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Polar Coordinates

We introduce a new coordinate system called the polar coordinate system which is useful in certain situations like dealing with circles or circular regions. The polar coordinate system has a fixed point called the pole (or the origin) denoted by $$O$$ and a fixed horizontal line from the pole called the polar axis (or the positive $$x$$-axis). The polar coordinates of a point $$P$$ in the plane are written as $$(r,\theta)$$ where $$r\geq 0$$ is the distance between $$P$$ and the pole (or the origin) and $$\theta$$ is the angle in $$[0,2\pi)$$ that is between the polar axis (or the positive $$x$$-axis) and the line joining $$P$$ and the pole (or the origin). Here an angle is positive when it is measured counterclockwise. Note that $$r=0$$ or $$(0,\theta)$$ correspond to the pole or the origin for any value of $$\theta$$.

Note the following convention for polar coordinates not in the above unique representation of $$(r,\theta)$$:

1. $$(r,\theta)=(r,\theta+2n\pi)$$ for all integers $$n$$.

2. $$(-r,\theta)$$ is $$(r,\theta+\pi)$$ when $$0\leq \theta < \pi$$ and $$(r,\theta-\pi)$$ when $$\pi\leq \theta < 2\pi$$.

Example.

1. $$\left( 2,\frac{\pi}{4} \right)=\left( 2,\frac{9\pi}{4} \right)$$ as $$\frac{9\pi}{4}=2\pi+\frac{\pi}{4}$$. Similarly $$\left( 2,\frac{\pi}{4} \right)=\left( 2,-2\pi+\frac{\pi}{4} \right)=\left( 2,-\frac{7\pi}{4} \right)$$.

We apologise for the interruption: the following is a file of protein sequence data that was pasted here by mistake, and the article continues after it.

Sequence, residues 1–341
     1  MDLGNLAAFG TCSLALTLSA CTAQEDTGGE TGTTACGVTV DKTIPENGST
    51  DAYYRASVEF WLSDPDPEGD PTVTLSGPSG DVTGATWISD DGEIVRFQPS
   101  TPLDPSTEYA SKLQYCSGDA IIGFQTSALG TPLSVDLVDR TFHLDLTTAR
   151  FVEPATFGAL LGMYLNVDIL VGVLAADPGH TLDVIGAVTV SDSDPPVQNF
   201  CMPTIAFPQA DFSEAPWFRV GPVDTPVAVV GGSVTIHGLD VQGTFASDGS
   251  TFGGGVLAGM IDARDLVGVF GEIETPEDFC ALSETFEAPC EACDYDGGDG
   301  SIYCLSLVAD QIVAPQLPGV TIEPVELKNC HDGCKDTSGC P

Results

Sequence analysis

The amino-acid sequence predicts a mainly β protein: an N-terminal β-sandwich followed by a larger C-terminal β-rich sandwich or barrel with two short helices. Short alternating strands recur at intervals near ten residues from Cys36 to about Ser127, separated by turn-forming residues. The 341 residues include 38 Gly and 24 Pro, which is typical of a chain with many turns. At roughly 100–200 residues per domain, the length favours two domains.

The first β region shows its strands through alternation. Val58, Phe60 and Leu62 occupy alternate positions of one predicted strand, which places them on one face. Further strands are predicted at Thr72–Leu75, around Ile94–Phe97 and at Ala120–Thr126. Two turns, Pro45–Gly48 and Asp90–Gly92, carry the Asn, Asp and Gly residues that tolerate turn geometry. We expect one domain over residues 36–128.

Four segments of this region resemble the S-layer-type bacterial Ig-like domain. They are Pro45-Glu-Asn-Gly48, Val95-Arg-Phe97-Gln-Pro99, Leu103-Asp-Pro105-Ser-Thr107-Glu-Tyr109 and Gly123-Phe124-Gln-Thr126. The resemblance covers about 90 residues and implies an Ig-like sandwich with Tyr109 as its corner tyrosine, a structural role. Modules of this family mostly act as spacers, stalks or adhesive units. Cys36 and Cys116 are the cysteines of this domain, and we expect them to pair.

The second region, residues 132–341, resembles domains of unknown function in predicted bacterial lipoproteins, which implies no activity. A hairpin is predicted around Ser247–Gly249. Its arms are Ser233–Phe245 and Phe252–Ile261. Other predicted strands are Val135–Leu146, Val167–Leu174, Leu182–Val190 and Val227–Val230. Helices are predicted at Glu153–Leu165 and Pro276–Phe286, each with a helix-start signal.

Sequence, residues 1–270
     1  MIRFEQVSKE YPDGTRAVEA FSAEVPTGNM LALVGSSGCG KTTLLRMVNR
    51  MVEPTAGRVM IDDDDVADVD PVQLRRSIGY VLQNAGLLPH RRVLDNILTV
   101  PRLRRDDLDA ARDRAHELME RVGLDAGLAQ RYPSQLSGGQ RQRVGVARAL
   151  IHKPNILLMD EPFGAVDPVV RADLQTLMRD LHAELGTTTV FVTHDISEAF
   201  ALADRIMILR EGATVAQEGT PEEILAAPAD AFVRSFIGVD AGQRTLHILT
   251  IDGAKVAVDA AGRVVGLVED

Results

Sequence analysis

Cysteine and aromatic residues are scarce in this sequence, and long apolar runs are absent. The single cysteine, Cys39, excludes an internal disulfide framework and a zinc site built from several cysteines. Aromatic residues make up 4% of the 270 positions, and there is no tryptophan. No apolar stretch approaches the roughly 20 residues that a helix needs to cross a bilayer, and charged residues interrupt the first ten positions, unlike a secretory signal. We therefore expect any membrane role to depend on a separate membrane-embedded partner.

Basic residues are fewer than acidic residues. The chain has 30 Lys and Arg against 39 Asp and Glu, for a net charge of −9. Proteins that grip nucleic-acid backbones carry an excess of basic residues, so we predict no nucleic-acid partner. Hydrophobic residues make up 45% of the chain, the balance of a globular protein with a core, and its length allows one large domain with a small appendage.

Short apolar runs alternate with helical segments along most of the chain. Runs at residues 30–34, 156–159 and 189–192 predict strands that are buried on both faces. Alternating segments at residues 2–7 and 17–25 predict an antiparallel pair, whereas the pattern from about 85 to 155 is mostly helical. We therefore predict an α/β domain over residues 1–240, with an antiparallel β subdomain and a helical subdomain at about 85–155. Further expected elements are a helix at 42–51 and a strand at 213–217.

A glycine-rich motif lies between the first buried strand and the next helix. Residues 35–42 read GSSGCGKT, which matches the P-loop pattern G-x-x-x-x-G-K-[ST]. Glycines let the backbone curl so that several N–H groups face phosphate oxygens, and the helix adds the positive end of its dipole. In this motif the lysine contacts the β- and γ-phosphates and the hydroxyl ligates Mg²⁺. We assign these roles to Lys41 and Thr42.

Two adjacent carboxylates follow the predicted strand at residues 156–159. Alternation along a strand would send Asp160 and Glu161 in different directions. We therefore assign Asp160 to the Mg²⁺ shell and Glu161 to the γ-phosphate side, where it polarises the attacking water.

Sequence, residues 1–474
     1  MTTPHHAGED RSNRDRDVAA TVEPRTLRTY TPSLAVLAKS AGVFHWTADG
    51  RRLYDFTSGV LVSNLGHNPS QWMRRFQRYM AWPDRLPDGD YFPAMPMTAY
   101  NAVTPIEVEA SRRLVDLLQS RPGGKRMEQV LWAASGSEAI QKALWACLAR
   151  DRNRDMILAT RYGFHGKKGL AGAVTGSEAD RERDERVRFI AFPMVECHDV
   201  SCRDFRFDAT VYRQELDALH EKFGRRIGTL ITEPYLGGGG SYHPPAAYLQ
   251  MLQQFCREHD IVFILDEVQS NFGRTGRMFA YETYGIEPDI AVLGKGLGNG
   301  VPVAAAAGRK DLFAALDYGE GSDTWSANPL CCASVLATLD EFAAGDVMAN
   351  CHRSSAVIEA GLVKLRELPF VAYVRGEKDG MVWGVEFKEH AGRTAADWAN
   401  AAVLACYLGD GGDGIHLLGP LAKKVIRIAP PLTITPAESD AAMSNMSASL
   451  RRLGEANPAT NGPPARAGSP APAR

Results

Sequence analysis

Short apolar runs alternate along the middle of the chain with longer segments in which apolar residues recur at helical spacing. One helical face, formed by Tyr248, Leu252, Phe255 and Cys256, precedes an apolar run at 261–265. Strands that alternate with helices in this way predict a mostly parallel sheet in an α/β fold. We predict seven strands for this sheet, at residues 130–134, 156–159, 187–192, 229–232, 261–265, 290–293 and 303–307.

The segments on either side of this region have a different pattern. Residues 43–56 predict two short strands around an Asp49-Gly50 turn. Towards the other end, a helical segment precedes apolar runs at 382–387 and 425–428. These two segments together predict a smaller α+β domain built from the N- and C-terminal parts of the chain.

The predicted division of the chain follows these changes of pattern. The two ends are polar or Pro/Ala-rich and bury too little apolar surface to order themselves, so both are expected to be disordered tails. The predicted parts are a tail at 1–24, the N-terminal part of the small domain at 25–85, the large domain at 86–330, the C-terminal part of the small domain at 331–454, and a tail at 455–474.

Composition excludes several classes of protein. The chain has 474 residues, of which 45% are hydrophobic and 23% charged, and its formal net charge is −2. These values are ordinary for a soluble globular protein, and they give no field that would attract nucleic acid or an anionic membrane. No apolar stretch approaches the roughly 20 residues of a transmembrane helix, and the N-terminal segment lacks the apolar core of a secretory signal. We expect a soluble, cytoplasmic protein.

2. $$\left( -2,\frac{\pi}{4} \right)=\left( 2,\frac{\pi}{4}+\pi \right)=\left( 2,\frac{5\pi}{4}\right)$$.

Conversion between Polar and Cartesian Coordinates:
The Cartesian coordinates $$(x,y)$$ of the polar coordinates $$(r,\theta)$$ are given by $x=r\cos \theta,\; y=r\sin \theta.$ Note from the preceding equations that $x^2+y^2=r^2\cos^2 \theta+r^2\sin^2 \theta=r^2(\cos^2 \theta+\sin^2\theta)=r^2$ and $\displaystyle\frac{y}{x}=\frac{r\sin \theta}{r\cos \theta}=\tan \theta.$ The polar coordinates $$(r,\theta)$$ of the Cartesian coordinates $$(x,y)$$ are give by $r=\sqrt{x^2+y^2},\; \theta=\tan^{-1}\left( \frac{y}{x} \right),$ where $$\theta$$ is the angle in $$[0,2\pi)$$ that is between the positive $$x$$-axis and the line joining $$(x,y)$$ and the origin. Note that $$-\frac{\pi}{2} <\tan^{-1}\left( \frac{y}{x} \right) < \frac{\pi}{2}$$ and there are two angles in $$[0,2\pi)$$ that satisfy $$\tan \theta=\displaystyle\frac{y}{x}$$. Therefore, when $$x < 0$$, the correct $$\theta$$ is $$\tan^{-1}\left( \frac{y}{x} \right) +\pi$$.

Example.

1. Find the Cartesian coordinates of the following points in polar coordinates: (a) $$(2,\pi/4)$$, (b) $$(4,-11\pi/6)$$.

2. Find the polar coordinates $$(r,\theta)$$ (with $$r\geq 0,\: 0\leq \theta < 2\pi$$) of the following points: (a) $$(\sqrt{3},1)$$, (b) $$(-2,2)$$.

Solution.

1. (a) Here $$r=2$$ and $$\theta=\frac{\pi}{4}$$. $x=2\cos\left( \frac{\pi}{4} \right)=2\frac{\sqrt{2}}{2}=\sqrt{2},\; y=2\sin \left( \frac{\pi}{4} \right)=2\frac{\sqrt{2}}{2}=\sqrt{2}.$ So the point $$(2,\pi/4)$$ in polar coordinates is $$(\sqrt{2},\sqrt{2})$$ in Cartesian coordinates.